My first book was written around 2004.
When I was ten years old, we went on a family trip to visit some cousins in America. It was the first time I’d ever seen snow in real life. To be fair, it wasn’t high-quality, A-grade snow like the stuff I’d seen in the movies. The snow I saw was a little white patch in my Uncle’s backyard that hadn’t melted into the dirt yet. We were so excited. We huddled around that white patch and we each grabbed a chunk of hard, icy snow to play with.
I was amazed.
Glorious, sparkling shards connected each crystal of ice to the next, it was beautiful. It was more than beautiful, it was magical! It was a magical icy jewel that probably had powers, probably powers that only I could unlock. I asked my Mum for a piece of paper and I wrote down all of the things my crystal could do, and how it was going to save people.
For the rest of that year, with varying degrees of vigour, I wrote that book. I still have it at home somewhere, an entire notebook of scenes and dialogue that nobody is ever going to read because, well, it was written by a ten-year-old and quite frankly it isn’t very good.
But that was my first book.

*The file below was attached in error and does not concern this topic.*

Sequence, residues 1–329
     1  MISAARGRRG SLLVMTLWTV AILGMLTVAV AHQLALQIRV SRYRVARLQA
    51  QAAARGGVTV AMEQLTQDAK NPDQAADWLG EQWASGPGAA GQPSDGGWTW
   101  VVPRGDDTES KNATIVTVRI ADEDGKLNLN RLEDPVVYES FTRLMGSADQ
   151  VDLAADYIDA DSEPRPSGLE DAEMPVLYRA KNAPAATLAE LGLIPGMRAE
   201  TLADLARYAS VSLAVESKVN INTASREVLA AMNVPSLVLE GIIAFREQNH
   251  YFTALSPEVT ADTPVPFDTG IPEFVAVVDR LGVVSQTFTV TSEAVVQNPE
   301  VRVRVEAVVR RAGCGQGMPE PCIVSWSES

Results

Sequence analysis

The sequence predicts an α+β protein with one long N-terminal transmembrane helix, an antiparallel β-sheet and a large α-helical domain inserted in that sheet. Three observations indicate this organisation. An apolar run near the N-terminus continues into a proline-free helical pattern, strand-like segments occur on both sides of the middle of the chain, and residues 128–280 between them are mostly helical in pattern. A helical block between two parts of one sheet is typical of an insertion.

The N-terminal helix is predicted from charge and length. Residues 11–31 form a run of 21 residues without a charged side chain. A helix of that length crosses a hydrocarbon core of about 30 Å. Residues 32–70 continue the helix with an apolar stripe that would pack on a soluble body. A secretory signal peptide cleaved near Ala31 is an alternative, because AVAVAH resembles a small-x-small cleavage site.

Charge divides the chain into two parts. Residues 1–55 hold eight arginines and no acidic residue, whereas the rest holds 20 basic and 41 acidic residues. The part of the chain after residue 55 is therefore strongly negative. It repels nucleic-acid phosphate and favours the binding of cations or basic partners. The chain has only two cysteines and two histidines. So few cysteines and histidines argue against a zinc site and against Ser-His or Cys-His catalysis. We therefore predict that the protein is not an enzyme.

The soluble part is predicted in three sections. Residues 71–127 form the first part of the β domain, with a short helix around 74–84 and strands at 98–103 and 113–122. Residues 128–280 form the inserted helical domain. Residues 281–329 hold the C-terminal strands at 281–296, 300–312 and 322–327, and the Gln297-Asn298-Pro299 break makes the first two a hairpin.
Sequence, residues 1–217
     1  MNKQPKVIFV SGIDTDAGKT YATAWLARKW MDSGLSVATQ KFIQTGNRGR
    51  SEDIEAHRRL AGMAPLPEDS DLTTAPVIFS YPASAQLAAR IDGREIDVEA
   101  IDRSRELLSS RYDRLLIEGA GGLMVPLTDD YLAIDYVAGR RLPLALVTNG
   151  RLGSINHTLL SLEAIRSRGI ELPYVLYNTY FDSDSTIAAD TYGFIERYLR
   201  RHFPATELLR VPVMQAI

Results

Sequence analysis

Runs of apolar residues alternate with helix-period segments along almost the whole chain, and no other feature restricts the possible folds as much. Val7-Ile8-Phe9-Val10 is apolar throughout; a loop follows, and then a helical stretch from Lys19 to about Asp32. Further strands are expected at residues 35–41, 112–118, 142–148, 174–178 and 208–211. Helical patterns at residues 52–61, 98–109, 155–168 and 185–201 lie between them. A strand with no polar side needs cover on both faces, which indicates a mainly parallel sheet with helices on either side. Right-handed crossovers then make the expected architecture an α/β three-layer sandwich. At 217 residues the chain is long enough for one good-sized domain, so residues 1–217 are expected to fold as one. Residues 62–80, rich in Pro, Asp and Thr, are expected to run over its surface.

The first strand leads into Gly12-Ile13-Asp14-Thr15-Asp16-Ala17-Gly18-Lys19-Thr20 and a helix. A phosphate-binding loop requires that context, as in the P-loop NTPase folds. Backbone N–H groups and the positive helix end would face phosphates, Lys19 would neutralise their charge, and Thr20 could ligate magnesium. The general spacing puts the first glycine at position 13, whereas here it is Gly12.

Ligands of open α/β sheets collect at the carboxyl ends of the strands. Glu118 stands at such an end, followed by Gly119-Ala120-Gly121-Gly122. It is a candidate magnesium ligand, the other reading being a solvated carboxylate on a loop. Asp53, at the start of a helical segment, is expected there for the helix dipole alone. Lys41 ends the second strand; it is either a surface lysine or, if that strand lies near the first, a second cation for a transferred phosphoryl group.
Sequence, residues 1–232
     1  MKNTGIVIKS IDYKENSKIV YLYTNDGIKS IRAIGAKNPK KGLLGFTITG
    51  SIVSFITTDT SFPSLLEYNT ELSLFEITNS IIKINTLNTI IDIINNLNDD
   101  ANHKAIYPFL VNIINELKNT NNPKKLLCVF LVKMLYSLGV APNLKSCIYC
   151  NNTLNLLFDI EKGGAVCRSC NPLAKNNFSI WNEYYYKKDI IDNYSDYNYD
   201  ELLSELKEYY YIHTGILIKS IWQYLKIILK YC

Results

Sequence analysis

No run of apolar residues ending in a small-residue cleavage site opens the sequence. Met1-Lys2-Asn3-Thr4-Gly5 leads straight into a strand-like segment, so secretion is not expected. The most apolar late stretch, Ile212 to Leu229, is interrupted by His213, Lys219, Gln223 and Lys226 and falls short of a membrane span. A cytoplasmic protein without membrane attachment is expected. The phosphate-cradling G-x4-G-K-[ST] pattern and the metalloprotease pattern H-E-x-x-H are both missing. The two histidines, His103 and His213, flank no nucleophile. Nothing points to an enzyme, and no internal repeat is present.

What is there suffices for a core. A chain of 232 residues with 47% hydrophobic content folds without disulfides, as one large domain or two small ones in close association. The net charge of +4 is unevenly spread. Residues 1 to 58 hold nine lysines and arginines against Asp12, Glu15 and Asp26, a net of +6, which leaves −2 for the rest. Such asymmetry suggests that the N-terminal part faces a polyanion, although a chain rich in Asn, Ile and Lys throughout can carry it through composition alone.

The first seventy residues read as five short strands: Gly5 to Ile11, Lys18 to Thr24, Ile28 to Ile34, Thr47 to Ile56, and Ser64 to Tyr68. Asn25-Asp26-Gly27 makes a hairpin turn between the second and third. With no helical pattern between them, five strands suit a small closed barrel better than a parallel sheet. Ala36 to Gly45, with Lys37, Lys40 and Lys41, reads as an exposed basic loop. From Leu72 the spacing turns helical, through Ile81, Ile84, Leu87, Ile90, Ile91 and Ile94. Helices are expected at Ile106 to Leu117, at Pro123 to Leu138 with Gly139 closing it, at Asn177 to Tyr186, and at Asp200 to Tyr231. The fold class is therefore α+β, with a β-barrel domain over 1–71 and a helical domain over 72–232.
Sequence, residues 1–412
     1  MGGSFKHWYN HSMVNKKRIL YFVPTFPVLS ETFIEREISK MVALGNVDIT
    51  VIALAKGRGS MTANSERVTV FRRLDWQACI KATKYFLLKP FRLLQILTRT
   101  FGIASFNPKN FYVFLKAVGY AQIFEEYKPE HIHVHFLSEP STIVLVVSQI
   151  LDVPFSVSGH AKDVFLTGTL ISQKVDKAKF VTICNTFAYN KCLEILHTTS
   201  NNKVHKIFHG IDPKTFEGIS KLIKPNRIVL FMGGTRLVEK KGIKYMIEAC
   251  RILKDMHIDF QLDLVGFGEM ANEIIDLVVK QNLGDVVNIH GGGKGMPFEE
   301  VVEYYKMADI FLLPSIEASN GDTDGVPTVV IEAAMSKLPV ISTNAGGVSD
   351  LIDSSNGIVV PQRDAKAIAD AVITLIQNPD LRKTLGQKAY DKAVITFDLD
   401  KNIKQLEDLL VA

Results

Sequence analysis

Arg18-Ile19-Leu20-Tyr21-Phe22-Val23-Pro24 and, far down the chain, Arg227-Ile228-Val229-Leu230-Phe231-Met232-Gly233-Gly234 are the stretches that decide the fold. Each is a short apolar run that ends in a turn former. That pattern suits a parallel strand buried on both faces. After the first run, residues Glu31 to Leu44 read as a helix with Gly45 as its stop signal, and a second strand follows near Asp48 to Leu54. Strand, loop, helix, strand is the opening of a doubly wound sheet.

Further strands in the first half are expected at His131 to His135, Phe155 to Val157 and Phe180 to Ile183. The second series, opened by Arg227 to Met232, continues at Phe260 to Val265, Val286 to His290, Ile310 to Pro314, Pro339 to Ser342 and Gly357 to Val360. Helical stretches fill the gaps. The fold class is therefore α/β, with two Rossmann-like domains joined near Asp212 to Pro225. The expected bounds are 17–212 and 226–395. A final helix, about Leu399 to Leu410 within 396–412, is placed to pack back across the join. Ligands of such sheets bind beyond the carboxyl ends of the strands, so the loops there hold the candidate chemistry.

This second one is much harder. Sometime last year I decided that I didn’t want to be poor anymore. I haven’t quite made the switch yet, but the decision was made and so naturally I applied to become a teacher. Now you may be thinking, woah there Sarai, a writer and a teacher? Save some money for the rest of us! Let me assure you, I will be a gracious aristocrat when the time comes.
I had already submitted my manuscript to Te Papa Tupu when I applied to take the year-long teaching course. I had already worked three years on storyboarding, character profiles, world-building and scene construction by then. I had already written 97,000 words, killed multiple darlings and given up several hours of every single day to finish my first draft.
I got accepted into the teaching course.
I was in a classroom on my first practicum as a student teacher when I got the acceptance email from Te Papa Tupu. I couldn’t react because I was in a classroom of teenagers and I had seen the real teacher confiscate a girl’s phone just minutes before. Even though I was pretty sure she couldn’t confiscate my phone as an adult I decided to play it safe and wait until interval to read the whole thing properly.
I called my parents crying.
“Look Mum, my life is not a waste, I’m so happy,”
“Nobody said your life was a waste Sarai, we’re happy for you too,” she said.
“I got accepted Dad, now I can quit this stupid teacher thing and live my real life,”
“We’re so proud of you honey, don’t quit anything,” he said, “you’re going to do great.”
They were mostly right of course, and that’s partly because they’re used to my dramatics and partly because they’re incredible parents who’ve always supported my dream to become an author.
I am, however, struggling with the “you’re going to do great” part.